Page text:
ID theft cost British businesses £50m in 2005, and this is set to increase by 1,300% by 2020 to £700m.

According to British businesses, corporate ID theft is one of the fastest growing risks they face - and it is large businesses that are most likely to be affected. These were findings from research commissioned by Royal & SunAlliance (R&SA) and carried out by the Centre for Economics and Business Research.

Corporate identity theft happens when fraudsters trade under a legitimate company's credit and name. Assets can be stolen and bank accounts emptied.

According to the R&SA research, businesses with over 250 employees will pick up the biggest share of the cost of corporate identity theft, while London firms are forecast to suffer the greatest increase in costs. The sectors most likely to be affected are communications, banking, finance and insurance.

Simon Wallace, Centre for Economic and Business Research, commented: "We are on the edge of a potential boom in corporate identity theft. With almost universal computer usage and internet coverage in the business environment, the potential for corporate identity theft is more significant than ever. Those willing to hack, scam and defraud will find new, technically advanced methods to open loop holes and steal a firm's identity. Business will need to adapt to this risk and must be willing to increase its spending on improved IT security systems in order to stay one step ahead."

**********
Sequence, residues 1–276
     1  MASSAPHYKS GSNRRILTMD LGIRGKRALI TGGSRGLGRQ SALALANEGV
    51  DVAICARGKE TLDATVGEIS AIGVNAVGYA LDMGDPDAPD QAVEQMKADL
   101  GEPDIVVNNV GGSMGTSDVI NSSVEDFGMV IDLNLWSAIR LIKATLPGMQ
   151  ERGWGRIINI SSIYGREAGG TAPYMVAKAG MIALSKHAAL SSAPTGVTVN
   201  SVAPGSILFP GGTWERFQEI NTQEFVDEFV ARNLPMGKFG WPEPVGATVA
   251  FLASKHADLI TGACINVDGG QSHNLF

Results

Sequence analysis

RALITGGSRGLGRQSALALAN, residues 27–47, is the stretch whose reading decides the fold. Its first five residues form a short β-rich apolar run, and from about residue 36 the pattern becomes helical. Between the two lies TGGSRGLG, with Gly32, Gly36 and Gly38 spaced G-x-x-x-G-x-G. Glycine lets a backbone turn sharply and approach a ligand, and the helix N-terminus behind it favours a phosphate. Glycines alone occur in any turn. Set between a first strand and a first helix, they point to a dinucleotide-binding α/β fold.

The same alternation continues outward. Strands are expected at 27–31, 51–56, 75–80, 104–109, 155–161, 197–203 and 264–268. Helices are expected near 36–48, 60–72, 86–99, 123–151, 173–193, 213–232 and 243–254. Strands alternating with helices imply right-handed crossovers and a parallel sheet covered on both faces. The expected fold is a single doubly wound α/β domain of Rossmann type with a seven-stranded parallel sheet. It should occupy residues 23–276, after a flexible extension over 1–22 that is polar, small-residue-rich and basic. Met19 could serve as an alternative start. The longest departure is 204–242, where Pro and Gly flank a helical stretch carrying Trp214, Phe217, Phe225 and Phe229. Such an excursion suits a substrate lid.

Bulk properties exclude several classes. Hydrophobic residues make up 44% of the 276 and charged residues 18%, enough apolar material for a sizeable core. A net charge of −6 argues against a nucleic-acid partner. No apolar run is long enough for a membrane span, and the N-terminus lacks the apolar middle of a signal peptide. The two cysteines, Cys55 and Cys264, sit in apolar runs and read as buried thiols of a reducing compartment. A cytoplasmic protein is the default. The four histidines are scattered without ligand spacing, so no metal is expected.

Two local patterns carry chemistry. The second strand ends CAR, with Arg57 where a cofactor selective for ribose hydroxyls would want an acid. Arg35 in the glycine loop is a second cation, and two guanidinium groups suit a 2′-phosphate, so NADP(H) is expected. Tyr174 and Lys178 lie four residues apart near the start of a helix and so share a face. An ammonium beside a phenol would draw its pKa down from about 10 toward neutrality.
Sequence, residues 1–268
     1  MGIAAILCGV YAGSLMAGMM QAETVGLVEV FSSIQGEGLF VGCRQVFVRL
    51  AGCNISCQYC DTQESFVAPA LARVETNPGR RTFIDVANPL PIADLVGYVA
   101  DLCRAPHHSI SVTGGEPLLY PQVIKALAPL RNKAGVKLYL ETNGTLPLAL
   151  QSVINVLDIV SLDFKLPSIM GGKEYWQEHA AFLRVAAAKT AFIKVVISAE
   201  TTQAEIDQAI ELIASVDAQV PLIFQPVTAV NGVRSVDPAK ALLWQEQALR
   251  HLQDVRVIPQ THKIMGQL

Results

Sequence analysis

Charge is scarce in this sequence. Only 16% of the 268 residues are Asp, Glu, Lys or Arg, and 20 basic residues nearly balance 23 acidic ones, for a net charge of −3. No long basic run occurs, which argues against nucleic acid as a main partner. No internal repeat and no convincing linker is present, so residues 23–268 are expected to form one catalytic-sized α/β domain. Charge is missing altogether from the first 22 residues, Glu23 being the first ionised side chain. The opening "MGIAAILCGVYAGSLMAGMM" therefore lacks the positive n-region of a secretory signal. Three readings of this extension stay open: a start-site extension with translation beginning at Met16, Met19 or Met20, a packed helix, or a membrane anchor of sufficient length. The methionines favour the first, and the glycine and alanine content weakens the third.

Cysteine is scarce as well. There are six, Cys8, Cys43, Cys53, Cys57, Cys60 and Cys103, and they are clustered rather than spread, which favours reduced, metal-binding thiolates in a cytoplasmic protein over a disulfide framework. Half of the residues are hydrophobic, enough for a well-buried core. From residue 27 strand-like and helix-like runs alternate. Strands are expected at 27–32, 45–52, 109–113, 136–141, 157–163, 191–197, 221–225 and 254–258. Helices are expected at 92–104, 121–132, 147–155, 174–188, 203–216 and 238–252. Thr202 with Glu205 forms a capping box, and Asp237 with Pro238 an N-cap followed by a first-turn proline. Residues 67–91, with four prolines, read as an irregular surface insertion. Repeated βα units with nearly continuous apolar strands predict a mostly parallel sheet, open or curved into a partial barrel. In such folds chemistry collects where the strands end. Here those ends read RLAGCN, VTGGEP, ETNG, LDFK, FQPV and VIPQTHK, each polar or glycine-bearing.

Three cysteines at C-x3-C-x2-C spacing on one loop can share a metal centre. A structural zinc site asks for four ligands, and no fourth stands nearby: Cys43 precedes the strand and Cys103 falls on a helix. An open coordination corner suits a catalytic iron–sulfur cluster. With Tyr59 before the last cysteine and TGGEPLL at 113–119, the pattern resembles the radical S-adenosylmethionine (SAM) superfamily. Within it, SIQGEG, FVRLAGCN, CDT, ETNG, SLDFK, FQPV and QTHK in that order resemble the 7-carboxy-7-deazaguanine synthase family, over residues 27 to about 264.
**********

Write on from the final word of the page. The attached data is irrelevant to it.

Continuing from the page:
R&SA issued the following guidelines for companies to help combat identity theft:

- Check your company details are correct at Companies House.

- Sign up to Companies House Monitor system - an email alert warning the password holder when any changes to company details are lodged.

- Sign up to the Companies House PROtected Online Filing, or PROOF. which enables companies to file specific forms in a secure environment.

- Check prospective employees' CVs and use recruitment security checks. Many scams still require an insider.

- Own all the permutations of your company name so that fraudsters cannot set up a rogue website or contact your customers from an e-mail address that looks legitimate, for example,, Remember to register variations.

- Make sure all employees have secure passwords that are not written down.

- Dispose of company stationery, including letterheads and bank details, in a secure way.

For further information you can download the R&SA Guide to Corporate ID Theft at a